Ionizing photons from very hot stars

24 Sep

Ylva’ Götberg’s paper has been accepted for publication in the journal Astronomy and Astrophysics.  Find a link to the forthcoming paper here. She computed the first tailor made models for the structure, evolution and atmospheres of the very hot stars that can from in binary systems when a star loses its envelope by interaction with a companion.  She shows that these stars emit most of their light as ionizing photons, at wavelengths so short that none of the currently existing astronomical facilities can actually detect them.  This first paper explores how metallicity affects these stars, i.e. are stripped stars in our own galaxy different from stripped stars that formed in the early days of the universe when there were less metals available?   Stay tuned for more. Further papers to come out soon.

Mathieu Renzo on stellar winds and the final fate of stars

24 Aug

All stars lose mass, in part in the form of a stellar wind. (Even our sun does so, which most known for the beautiful aurora that can be seen) How strong these winds are is not known very well. Measurements are affected by uncertainties such as how smooth or how clumped such winds are. Mathieu Renzo undertook a very careful study to investigate how the various prescriptions for stellar winds and their uncertainties affect the final mass and structure of stars. His paper is accepted for publication and can be obtained here.

Lezing: De wonderlijke levens van de helderste sterren in ons universum

24 Oct

Tijdens deze voordracht laten sterrenkundigen Selma de Mink (UvA) en Samayra Straal (ASTRON/UvA) je kennismaken met de exotische levens van zware sterren. Ze vertellen over het dramatische einde van het leven van dit soort sterren en hoe ze hun leven na de explosie voortzetten. In het bijzonder gaan ze in op hoe ze radiostraling en de pas waargenomen zwaartekrachtsgolven gebruiken om meer te weten te komen over dit soort sterren.

Datum en tijd: woensdag 26 oktober 2016, 20:00 – 21:30
Plaats: SPUI25, Spui 25-27, 1012 XM Amsterdam
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ALMA time: “The Extreme UV of massive stars through ALMA’s eyes”

20 Oct

Extreme Ultraviolet (UV) light is blocked by our atmosphere (fortunately for us, because they are dangerous for our skin). Even from space it is very hard to measure. At the moment there is no single satellite telescope that can give information about this part of the spectrum.  Bad news for astronomers, because they really want to know how many of such ionizing photons are emitted by massive stars. Such photons play a very important role  in heating their surrounding clouds where low mass stars and their planets are still forming. These photons are also believed to have played a very big role early in the history of our Universe. They ionized the intergalactic H during the Cosmic Epoch of reionization. This made our universe transparent and ended the so-called Cosmic Dark Ages.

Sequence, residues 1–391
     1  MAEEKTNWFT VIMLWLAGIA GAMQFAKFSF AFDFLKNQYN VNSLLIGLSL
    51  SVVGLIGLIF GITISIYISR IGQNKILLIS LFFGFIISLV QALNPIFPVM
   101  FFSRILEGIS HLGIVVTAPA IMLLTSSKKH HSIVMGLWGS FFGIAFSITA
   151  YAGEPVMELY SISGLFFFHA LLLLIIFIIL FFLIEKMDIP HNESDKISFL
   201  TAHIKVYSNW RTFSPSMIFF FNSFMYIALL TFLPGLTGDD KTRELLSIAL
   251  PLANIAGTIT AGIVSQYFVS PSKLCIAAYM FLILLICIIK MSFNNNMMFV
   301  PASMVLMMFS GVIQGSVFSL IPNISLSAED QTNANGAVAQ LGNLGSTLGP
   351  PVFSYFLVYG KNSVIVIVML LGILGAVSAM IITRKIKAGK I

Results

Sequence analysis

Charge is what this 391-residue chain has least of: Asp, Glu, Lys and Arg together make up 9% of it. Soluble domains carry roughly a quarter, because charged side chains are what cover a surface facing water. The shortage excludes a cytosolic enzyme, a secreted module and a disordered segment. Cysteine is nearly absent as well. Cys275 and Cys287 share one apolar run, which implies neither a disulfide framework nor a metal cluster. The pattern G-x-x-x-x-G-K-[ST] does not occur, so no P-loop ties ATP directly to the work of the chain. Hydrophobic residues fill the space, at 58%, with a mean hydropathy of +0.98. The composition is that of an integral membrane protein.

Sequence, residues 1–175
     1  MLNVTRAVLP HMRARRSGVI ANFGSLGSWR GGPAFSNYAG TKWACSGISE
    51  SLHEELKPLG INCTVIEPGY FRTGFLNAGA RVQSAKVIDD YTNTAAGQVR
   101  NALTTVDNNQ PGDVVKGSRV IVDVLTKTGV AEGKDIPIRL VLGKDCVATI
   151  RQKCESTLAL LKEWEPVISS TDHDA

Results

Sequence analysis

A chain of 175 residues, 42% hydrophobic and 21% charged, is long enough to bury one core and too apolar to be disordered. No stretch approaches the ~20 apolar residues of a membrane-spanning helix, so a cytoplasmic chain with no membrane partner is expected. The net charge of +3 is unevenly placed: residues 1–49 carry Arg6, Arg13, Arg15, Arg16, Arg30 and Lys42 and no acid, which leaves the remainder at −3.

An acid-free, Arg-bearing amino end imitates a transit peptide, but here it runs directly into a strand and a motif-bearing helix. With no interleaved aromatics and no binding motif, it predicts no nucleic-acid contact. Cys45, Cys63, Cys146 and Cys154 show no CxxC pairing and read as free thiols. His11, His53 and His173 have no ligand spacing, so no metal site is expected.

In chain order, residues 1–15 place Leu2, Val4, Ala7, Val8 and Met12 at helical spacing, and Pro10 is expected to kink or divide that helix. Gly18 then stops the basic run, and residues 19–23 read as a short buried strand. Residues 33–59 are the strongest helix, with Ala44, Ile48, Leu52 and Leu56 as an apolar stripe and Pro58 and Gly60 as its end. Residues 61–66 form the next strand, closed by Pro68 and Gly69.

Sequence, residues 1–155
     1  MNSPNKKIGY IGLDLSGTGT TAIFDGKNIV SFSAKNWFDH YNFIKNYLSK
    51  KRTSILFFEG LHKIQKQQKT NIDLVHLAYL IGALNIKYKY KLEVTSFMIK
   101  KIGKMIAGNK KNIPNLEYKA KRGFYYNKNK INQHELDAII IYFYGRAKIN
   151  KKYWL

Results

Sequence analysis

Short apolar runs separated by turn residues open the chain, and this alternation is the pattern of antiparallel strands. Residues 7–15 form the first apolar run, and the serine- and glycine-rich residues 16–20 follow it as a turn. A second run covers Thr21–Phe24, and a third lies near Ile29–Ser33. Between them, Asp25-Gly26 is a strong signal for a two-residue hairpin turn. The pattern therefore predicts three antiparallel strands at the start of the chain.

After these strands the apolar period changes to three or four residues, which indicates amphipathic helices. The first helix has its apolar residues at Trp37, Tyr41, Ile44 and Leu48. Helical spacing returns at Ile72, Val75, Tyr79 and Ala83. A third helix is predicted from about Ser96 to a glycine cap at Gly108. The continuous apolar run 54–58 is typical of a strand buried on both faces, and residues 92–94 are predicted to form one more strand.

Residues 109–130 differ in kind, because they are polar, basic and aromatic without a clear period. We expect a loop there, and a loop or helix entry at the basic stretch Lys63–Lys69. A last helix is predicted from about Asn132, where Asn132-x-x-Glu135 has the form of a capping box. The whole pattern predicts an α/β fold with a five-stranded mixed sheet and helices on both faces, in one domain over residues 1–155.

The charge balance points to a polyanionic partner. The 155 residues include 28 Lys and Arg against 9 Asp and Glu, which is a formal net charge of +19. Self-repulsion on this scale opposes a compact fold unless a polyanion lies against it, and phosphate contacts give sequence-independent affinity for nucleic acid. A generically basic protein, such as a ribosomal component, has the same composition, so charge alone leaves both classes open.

For this study we use a trick proposed by Scoville & Murchikova (2013) that allows to indirectly measure the extreme UV using ALMA. ALMA is an array of antennas in the dry desert of Chile (image), which can observe the sky in (sub)millimeter wavelengths, i.e. in wavelengths that are too red to see with the naked eye.   Instead of measuring the ionizing photons directly, we will measure the effect they have on the surrounding H and He gas by  measuring the “high-order recombination lines” that ALMA is sensitive too.

This proposal ALMA 2016.1.01015.S (PI De Mink) has been awarded 6.6 hours. The project design and analysis is lead by E. Muchicova (Caltech) under supervision of N. Scoville (Caltech). Image credit:  Credit ALMA/NAOJ/NRAO J. Hills

A hundred massive binaries in the Tarantula nebula: a universal phenomenon

15 Oct

screen-shot-2016-10-15-at-2-39-09-pmMassive stars are often found in close binary system, two stars that orbit each other.  So far the data samples analyzed were still relatively small and limited to stars in our own galaxy.

New results from a large extensive survey of the TMBM (Tarantula Massive Binary Monitoring) survey (PI H. Sana) contain data for over a hundred massive hot binary stars, the largest homogeneous sample to date and the first of this size outside our own galaxy.   In the first paper, Leonardo Almeida, presents the survey and first results.  The  They show that the properties are very similar as found in earlier studies. These results point at binarity being a universal phenomenon for massive stars.

The paper “The Tarantula Massive Binary Monitoring: I. Observational campaign and OB-type spectroscopic binaries” by  L.A. Almeida, H. Sana, W. Taylor, R. Barbá, A. Bonanos, P. Crowther, A. Damineli, A. de Koter, S.E. de Mink, C.J. Evans, M. Gieles, N.J. Grin, V. Hénault-Brunet, N. Langer, D. Lennon, S. Lockwood, J. Maíz Apellániz, A.F.J. Moffat, C. Neijssel, C. Norman, O.H. Ramírez-Agudelo, N.D. Richardson, A. Schootemeijer, T. Shenar, I. Soszyński, F. Tramper & J.S. Vink is available on the arxiv.